Clinton’s national security adviser Sandy Berger insists the U.S.
incursion into a long-running civil war er, excuse me, $1.3
billion worth of assistance to the government in fighting the drug
war in Colombia is not like Vietnam. Not at all. "The
fact is, this is nothing similar whatsoever," he told the Associated
they are two different countries and it’s about 40 years later,
so of course there are some differences. But the parallels are too
eerie to be dismissed.
potential dangers are highlighted by the downing over the weekend
of a U.S.-made helicopter, killing seven Colombia airmen, during
a government-guerrilla firefight. The administration insists that
the new helicopters will be used only against drug traffickers,
but it’s difficult to see how that can be guaranteed, especially
when virtually all sides have some links to drug traffickers.
what happens when an "anti-drug" helicopter is brought
down in a future firefight with some guerrilla faction or another
after intensive US training and briefing? And what happens when
as is virtually inevitable a Colombian helicopter
is brought down with a US adviser on board? Will that be the signal
for more intensive involvement or will it trigger an active antiwar
all people, California Republican senatorial candidate Rep. Tom
Campbell has been among the more active people in public life drawing
attention to the parallels between Colombia and Vietnam.
he put it in his speech to the Shadow Convention during the recent
Democratic National Convention, the United States plan is to send
in advisers and send in helicopters. Part of the plan is to relocate
people into "strategic hamlets" (though that’s not the
term being used) and teach them to grow different crops. The United
States is entering a long-running civil war in a jungle country.
Part of the plan is to defoliate the jungle, with fungus rather
than with napalm.
only thing missing," said Rep. Campbell, "is Robert McNamara’s
signature on the plan."
all due respect to Rep. Campbell, one of the few members of Congress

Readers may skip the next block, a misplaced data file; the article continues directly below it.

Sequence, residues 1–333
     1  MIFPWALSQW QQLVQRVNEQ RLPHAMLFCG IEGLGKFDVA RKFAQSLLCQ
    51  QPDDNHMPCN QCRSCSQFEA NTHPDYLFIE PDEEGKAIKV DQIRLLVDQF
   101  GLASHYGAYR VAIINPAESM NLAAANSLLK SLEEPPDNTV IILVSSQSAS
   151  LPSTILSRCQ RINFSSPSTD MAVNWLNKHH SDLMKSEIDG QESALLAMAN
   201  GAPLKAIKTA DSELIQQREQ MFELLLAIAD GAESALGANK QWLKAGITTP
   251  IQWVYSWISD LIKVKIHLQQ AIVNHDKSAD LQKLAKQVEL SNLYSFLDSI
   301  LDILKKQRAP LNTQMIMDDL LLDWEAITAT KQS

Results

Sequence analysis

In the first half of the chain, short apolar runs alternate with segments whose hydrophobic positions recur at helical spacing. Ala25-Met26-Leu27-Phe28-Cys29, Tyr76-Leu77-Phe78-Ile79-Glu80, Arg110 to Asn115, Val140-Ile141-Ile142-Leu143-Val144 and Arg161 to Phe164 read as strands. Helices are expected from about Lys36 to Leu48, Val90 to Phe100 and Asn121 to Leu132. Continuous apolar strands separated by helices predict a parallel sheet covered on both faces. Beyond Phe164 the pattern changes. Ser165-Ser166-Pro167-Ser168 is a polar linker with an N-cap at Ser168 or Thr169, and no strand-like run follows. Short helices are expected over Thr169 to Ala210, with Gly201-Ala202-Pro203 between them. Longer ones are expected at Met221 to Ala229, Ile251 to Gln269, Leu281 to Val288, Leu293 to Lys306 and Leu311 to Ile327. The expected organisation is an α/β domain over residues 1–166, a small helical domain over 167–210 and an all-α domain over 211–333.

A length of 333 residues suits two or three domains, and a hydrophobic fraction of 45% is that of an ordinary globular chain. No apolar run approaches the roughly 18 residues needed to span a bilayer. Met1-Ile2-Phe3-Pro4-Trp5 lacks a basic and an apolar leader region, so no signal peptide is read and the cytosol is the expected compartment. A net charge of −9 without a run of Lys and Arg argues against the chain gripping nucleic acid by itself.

with the temerity to question this ill-conceived operation, a few
other things are missing this time around.
and foremost, of course, there is no global communist threat, and
therefore no support for the other side by a hostile superpower
with expansive ambitions. In fact, beyond the idea of "drug
traffickers" fairly universally acknowledged to be a divided,
shifting and competitive lot it’s hard to figure out if there is
an "other side." Most authorities count about 20 armed
groups with various agendas in Colombia.
there is no way to construct a remotely plausible "domino theory"
in regard to the Colombia drug war. What other countries will "fall"
to tyranny if the US fails to save Colombia from the depredations
of the evil drug traffickers? If anything, it is likely that US
intervention will strengthen the hand of the almost charmingly anachronistic
"Marxist" guerrillas who constitute one of the Colombian
fact, the most destabilizing force in Colombia and among its neighbors
is likely to be US intervention, rather than US failure to intervene.
On a tour to try to drum up support and understanding among Colombia’s
neighbors the week before last, Secretary of State Madeleine Albright
and other US officials encountered anything but enthusiasm for Bill
and Maddie’s (and Gen. Barry’s) excellent adventure. Rather they
mostly ran into skepticism and fear, according to news reports.
is concerned about refugees, so Ms. Albright offered the country
$15 million. Brazilian foreign minister Luiz Felipe Lampreia said